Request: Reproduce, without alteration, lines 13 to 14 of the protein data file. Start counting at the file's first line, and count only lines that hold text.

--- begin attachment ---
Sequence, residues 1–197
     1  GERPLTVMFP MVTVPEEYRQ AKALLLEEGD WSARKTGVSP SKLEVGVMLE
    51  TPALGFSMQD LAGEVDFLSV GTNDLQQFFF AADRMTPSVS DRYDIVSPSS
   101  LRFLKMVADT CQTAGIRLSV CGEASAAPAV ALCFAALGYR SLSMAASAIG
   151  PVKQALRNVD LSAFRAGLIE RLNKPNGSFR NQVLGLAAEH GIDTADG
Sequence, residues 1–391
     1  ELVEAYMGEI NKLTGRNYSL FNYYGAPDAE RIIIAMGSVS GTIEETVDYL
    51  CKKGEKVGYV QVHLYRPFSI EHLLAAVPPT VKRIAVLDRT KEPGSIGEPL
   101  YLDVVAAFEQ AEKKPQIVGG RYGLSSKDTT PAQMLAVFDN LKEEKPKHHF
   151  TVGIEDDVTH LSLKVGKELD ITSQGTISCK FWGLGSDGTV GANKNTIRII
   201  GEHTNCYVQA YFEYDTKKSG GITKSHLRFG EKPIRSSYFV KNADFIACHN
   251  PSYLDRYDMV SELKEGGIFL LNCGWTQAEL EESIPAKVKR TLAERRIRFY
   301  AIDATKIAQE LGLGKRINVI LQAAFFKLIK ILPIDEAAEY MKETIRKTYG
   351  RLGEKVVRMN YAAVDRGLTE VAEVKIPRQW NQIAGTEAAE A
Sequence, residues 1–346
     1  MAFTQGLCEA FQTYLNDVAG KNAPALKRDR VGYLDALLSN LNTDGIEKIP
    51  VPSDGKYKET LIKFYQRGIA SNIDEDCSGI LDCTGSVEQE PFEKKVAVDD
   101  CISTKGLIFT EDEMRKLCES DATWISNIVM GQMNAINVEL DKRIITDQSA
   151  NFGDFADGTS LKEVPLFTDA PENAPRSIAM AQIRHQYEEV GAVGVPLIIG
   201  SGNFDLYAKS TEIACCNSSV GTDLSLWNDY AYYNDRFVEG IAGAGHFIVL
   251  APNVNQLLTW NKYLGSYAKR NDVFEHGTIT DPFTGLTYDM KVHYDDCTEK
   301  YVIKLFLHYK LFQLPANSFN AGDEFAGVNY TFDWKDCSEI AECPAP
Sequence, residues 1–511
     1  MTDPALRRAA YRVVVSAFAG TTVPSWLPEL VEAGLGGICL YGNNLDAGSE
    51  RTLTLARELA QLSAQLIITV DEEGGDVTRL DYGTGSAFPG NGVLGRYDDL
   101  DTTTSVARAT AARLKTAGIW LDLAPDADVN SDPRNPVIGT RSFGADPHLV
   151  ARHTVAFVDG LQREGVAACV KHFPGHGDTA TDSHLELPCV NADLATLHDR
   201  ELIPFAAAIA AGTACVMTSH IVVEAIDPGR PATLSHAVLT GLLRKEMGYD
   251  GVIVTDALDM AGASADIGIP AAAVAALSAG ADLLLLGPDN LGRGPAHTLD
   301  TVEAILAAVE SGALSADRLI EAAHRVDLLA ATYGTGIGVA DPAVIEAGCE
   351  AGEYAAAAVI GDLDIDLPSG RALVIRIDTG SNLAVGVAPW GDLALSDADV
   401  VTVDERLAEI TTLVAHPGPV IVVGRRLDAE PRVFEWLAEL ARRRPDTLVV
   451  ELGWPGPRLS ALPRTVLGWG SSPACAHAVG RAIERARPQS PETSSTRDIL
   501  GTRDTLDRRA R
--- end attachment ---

   301  AIDATKIAQE LGLGKRINVI LQAAFFKLIK ILPIDEAAEY MKETIRKTYG
   351  RLGEKVVRMN YAAVDRGLTE VAEVKIPRQW NQIAGTEAAE A